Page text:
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Muhammad Tabaza for Pragma

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Never Used GraphQL? Fear Not!

This article is a practical introduction to GraphQL that enables you to get started building beautiful APIs with Pragmalang.

What Is GraphQL?

GraphQL is a language specification released by Facebook and standardized in 2015. The language is designed to make retrieving data from front-end applications easier for developers. Some of its advantages are:

  • Type-Safe Communication: You always know the type/shape of the data you're receiving, and the type of data the server expects from you.
  • Standard Documentation: All GraphQL APIs must follow a certain standard where it comes to documentation. Many tools know how to interpret this documentation by introspecting the API.
  • Tooling: Since GraphQL is a standard, many tools are designed to work with all GraphQL APIs, such as tools that generate TypeScript definitions based on the GraphQL schema to be used in your Web app.
  • No Underfetching/Overfetching Of Data: You select exactly the data that you need, and you can perform multiple operations within a single query.

GraphQL is actually two languages smashed into one: a schema definition language, and a query language.

Schema Definition Language

The schema definition language is what is used to describe the types of data that the API operates on, and what the API is capable of doing with said types.For example:

# This is a type definition
type Character {
  name: String! # '!' means "required" or "not nullable"
  friends: [Character] # '[]' mean "array". Types can be recursive
  homeWorld: Planet! # Types can relate to each other

# Another type definition
type Planet {
  name: String!
  climate: String!

# A special type definition that specifies
# the queries that a client can perform
type Query {
  getCharacter(name: String!): Character
  #            ^^^^^^^^^^^^^   ^^^^^^^^^
  #           Query Arguments  Query Return Type
  # Note that the return type is `Character`, not `Character!`
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Comments in schema definitions are typically used for documentation. Comments in the example above were used for clarification purposes.

GraphQL APIs have three types of operations that a client can perform:

  • Queries: Simple retrieval of data
  • Mutations: Changes to existing data, or addition of new data.
  • Subscriptions: Retrieval of dta over time.

When developing a GraphQL API, you typically need to specify the queries, mutations, and subscriptions that your server can handle. In the example above, the server is only capable of performing a single query that takes a name of a character, and returns that character. But here's the catch: you need to specify **how* the query is handled*. Using traditional GraphQL frameworks, you would need to define what are known as resolvers to specify how each field of the type is fetched from the database.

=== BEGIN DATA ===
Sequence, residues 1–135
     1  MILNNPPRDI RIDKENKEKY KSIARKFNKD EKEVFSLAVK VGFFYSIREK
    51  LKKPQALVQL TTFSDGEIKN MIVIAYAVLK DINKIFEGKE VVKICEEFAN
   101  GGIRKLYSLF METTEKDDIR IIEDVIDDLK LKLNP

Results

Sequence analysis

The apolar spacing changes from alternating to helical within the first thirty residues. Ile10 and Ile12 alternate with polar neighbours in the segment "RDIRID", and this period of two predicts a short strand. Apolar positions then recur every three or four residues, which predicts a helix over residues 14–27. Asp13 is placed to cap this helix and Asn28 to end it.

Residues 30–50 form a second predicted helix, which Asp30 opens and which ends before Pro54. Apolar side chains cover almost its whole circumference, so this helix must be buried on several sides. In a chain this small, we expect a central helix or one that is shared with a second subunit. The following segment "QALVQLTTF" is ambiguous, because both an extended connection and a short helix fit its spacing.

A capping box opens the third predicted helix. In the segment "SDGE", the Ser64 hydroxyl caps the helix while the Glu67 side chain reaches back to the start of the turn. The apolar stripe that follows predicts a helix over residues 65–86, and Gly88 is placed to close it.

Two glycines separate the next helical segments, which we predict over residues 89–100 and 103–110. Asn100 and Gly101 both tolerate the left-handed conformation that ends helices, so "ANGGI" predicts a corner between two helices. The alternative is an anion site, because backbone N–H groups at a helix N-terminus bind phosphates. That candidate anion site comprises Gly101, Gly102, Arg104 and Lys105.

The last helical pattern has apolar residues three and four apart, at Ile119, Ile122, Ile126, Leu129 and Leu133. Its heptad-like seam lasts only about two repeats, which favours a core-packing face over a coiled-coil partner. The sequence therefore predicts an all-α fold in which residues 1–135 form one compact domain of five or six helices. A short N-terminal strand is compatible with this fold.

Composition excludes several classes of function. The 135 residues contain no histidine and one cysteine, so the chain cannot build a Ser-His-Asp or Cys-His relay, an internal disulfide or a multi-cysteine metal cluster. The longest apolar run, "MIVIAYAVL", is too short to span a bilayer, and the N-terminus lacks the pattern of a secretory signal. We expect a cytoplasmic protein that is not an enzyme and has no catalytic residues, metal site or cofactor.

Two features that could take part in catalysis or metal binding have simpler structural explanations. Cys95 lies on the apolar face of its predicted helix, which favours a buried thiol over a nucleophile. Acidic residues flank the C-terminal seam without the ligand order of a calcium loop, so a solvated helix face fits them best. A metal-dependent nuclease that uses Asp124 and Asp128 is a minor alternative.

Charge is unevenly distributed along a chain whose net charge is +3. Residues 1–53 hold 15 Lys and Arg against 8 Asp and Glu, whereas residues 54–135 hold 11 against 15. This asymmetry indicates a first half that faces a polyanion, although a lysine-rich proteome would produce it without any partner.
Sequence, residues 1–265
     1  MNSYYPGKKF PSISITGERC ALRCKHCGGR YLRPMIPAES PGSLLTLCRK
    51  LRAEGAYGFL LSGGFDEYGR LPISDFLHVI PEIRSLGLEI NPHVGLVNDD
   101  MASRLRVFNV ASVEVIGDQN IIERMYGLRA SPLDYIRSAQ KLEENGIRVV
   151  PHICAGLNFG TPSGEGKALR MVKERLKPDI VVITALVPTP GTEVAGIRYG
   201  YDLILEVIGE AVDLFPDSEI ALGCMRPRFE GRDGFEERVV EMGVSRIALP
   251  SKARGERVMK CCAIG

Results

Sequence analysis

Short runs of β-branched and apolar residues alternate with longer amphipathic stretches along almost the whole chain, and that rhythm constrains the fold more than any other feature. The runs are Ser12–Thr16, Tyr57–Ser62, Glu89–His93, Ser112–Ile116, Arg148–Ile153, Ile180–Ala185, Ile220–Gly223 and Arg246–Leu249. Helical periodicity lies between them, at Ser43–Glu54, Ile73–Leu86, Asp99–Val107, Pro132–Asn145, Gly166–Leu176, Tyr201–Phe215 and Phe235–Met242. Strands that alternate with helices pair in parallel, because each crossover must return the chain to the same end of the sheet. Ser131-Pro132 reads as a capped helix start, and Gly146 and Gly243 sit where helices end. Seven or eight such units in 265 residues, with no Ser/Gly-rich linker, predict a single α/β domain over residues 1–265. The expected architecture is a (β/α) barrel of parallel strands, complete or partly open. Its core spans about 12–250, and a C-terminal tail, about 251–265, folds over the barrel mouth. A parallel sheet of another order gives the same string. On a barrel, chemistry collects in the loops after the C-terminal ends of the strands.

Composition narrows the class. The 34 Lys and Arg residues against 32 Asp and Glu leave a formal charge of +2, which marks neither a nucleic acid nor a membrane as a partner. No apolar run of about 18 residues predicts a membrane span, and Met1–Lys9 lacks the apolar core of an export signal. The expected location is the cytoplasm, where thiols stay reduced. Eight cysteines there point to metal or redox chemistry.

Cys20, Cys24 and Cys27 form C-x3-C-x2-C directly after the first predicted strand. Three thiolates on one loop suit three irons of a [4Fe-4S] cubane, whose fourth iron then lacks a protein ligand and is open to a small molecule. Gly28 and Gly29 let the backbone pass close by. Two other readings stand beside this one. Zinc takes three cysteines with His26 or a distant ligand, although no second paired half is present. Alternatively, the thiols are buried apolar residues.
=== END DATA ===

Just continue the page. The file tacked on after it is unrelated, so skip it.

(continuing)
Query Language

Once you're done writing a GraphQL API, you can use one of many GraphQL clients to send operations to your server. Most GraphQL APIs come with a GraphQL playground that you can use to write queries, and click a button to send them to the server, and display the JSON result. But when you're building a graphical application, you would want to use a client library from your code. An example query would be:

query {
  rick:getCharacter(name: "Rick Sanchez") { # We gave the operation a 'rick' alias
    name # Rick's name, just to make sure
    friends {
      name # We only want their names
    homeWorld {
      name # We only want the name
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This query - if Rick exists in the database - would return:

  "rick": {
    "name": "Rick Sanchez",
    "friends": [],
    "homeWorld": {
      "name": "Earth"
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Rick's friends array is empty because he has no friends.

Where Does Pragma Come In?

When you're developing a GraphQL API, you need to specify the schema with all the required operations and types, and then implement resolvers for these operations. Of course, you would need to set up the database first.

What Pragma does is that it only requires that you define a Pragma schema. That's it! It generates a database, GraphQL schema, and all the operations you would need. Plus, with very simple syntax, you can extend the functionality of these operations using serverless functions that you import as if you were using a normal function from a library. Here's an example Pragma schema:

config { projectName = "character_api" }

@1 model Character {
  @1 name: String @primary
  @2 friends: [Character]
  @3 homeWorld: Planet

@2 model Planet {
  @1 name: String
  @2 climate: String
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Note the small differences between the Pragma schema and the GraphQL schema. In Pragma, the equivalent of a GraphQL type is a model. Models and model fields need to have unique indices (e.g. @1, @5), which enables Pragma to perform most database migrations automatically based on changes to the schema.

You can explore the GraphQL API generated by Pragma by running the above schema (see Install Pragma), or you can check out another example at The Generated API section of the documentation.

If you have any questions or feedback, join our Discord channel, or leave a comment!

Go start building that new idea you had last week! It would only take a few minutes :)

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